New information about Scott Weiland, the troubled former Stone Temple Pilots frontman who passed away on December 3, offers some tragic yet unsurprising revelations about his cause of death. The Hennepin County Medical Examiner’s results show that Weiland died of complications from alcohol and drugs compounded by the long-term affects of his addictions, as reported by Variety.
The report, released today, shows Weiland died from a “mixed drug toxicity: cocaine, ethanol, and methylenedioxyamphetamine (MDA). Other significant conditions are noted,” the report continues, including “atherosclerotic cardiovascular disease, history of asthma and multi-substance dependence.” The official manner of death was ruled as accidental.
Related: Scott Weiland found dead at 48
Weiland was found on his tour bus in Bloomington, MN while touring with his band The Wildabouts. Shortly after Weiland was discovered unresponsive, his bassist Tommy Black was taken into custody for possession of a substance which “field tested positive for cocaine.” A small baggy of the same substance was found in Weiland’s possession. The news, like today’s toxology report, was exactly what everyone who knew Weiland’s story was waiting to hear — but it is not the end of his story.
For those who followed Weiland’s descent from stage-front sorcerer in STP’s hey days, to his long and chronic battles with abuse of multiple substances, today’s report is far from surprising. While the iconic frontman had short moments of resurgence during his on-again-off-again relationship with STP (which also included a solid rock album with supergroup Velvet Revolver) the writing seems to have been on the wall for years: Though riddled with talent, Weiland never seemed to be able to overcome his addiction demons.
However, while middle-age obscurity can be attributed to the singer’s exiting life with more whimper than bang, those who knew him during the peak of STP’s influence over the rock scene remember Weiland as one of the most formidable forces of his era — an era, it should be noted, which includes Kurt Cobain, Layne Staley (of Alice in Chains), and Shannon Hoon (Blind Melon), each of whom died a tragic death, while also leaving behind a quilted legacy that brought about one of the most influential and high-impact moments in rock history.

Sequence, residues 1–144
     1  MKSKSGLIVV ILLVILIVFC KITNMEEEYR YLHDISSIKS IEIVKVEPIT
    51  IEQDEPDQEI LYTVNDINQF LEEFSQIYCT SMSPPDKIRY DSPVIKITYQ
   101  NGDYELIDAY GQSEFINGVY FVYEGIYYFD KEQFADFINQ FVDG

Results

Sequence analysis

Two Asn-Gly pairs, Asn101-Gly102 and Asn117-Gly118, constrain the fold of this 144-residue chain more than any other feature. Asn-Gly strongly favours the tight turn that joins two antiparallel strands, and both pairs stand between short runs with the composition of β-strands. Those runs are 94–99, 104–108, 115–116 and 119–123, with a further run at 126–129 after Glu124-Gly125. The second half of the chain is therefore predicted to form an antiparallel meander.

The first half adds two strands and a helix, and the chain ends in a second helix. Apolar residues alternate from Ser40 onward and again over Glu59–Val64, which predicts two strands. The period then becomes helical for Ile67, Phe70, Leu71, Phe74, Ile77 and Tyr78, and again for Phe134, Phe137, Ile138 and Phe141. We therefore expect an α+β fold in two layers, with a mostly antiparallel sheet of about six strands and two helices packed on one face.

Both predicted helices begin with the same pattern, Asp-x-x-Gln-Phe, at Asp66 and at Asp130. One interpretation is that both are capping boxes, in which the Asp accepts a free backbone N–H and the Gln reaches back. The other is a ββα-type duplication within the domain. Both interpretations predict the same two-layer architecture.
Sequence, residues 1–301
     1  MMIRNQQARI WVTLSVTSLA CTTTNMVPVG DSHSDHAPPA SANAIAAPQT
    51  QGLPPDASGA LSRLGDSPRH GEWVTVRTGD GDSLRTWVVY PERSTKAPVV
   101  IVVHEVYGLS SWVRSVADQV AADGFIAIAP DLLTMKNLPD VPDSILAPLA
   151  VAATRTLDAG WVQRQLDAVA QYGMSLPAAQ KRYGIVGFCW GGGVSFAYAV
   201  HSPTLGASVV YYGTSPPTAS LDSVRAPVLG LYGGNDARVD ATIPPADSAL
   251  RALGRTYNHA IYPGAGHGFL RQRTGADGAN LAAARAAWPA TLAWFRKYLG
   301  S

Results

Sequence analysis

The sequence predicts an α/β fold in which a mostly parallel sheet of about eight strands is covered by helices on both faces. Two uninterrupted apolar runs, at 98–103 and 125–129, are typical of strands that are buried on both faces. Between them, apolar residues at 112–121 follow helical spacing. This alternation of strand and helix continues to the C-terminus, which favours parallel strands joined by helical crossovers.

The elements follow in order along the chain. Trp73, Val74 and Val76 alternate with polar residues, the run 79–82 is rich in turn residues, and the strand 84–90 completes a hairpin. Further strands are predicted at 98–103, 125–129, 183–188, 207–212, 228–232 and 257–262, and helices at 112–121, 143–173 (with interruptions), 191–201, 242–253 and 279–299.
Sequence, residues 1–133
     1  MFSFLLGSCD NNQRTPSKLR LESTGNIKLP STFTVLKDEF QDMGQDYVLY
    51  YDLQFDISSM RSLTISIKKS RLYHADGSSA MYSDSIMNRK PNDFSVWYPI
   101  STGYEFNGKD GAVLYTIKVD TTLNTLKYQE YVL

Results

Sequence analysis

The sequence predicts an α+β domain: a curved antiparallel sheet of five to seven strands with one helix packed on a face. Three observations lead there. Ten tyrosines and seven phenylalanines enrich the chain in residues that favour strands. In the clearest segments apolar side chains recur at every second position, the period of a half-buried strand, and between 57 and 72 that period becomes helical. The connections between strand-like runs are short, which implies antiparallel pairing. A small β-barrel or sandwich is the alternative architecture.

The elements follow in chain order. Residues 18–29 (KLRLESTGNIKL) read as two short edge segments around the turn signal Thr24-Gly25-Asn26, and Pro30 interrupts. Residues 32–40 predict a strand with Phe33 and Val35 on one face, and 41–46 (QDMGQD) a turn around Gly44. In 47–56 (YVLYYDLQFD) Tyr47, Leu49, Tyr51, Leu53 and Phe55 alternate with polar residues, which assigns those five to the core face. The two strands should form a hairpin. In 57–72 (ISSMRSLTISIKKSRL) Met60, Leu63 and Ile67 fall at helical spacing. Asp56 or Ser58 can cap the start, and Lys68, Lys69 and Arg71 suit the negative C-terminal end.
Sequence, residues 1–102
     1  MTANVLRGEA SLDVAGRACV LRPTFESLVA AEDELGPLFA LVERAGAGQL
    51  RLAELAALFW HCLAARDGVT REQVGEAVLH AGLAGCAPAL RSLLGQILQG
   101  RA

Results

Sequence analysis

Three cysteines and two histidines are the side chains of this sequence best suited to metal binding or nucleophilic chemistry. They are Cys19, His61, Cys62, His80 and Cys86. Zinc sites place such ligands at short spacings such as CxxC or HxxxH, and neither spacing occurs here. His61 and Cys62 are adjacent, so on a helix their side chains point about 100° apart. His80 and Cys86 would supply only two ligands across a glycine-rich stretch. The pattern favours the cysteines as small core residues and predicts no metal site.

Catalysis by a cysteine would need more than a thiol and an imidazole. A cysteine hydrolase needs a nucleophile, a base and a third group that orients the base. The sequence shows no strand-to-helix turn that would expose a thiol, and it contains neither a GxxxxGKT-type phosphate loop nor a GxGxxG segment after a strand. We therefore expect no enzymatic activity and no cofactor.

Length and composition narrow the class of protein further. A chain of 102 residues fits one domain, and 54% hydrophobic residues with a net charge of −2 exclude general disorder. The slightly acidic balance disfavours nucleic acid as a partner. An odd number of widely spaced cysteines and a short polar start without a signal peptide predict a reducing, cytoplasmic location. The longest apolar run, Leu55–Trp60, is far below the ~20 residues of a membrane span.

Smashing Pumpkins founder and frontman Billy Corgan, who was famously critical of Stone Temple Pilots following their initial debut, counted Weiland among that group, leaving a poignant tribute to the singer following his death on the Smashing Pumpkins website. Calling Weiland one of the “great voices of a generation,” Corgan recounted his realization of how much talent and pure artistic innovation the band brought to the table during their storied run — particularly in their first three albums.
“Having just woken to the news of this passing, I feel compelled to put pen to paper and pay my respects to Scott,” Corgan begins, explaining a bond that grew between the two as their paths crossed in the sometimes-lonely Hollywood music glitterati scene.
“It was STP’s 3rd album that had got me hooked,” Corgan recalls, “a wizardly mix of glam and post-punk, and I confessed to Scott, as well as the band many times, how wrong I’d been in assessing their native brilliance. And like Bowie can and does, it was Scott’s phrasing that pushed his music into a unique, and hard to pin down, aesthetic sonicsphere.”
“… I’d like to share a thought which though clumsy, I hope would please Scott In Hominum. And that is if you asked me who I truly believed were the great voices of our generation, I’d say it were he, Layne (Staley), and Kurt (Cobain).
“So it goes beyond tragedy to say it is we who lost them, and not the other way round…”
Like so many before him, the revelations about Weiland’s cause of death are layered with cautionary lessons, but they’re by no means the end of the story. He will live on in the echoes of rock and roll for years to come thanks to his contribution to one of the most exciting and authentic musical moments in modern history.
Weiland’s legacy is one of a troubled artist who, nonetheless, brought his artform to new heights at a time when artistic integrity and mainstream radio met, for the briefest of moments, as equals on the same stage. For those few years in the mid ’90s the world listened as one, all of us following the same handful of bands who undeniably changed the world around them — artistically if not socially — for the better.
Scott Weiland was 48 at the time of his death. Follow our STP playlist below to hear some of his best moments in life.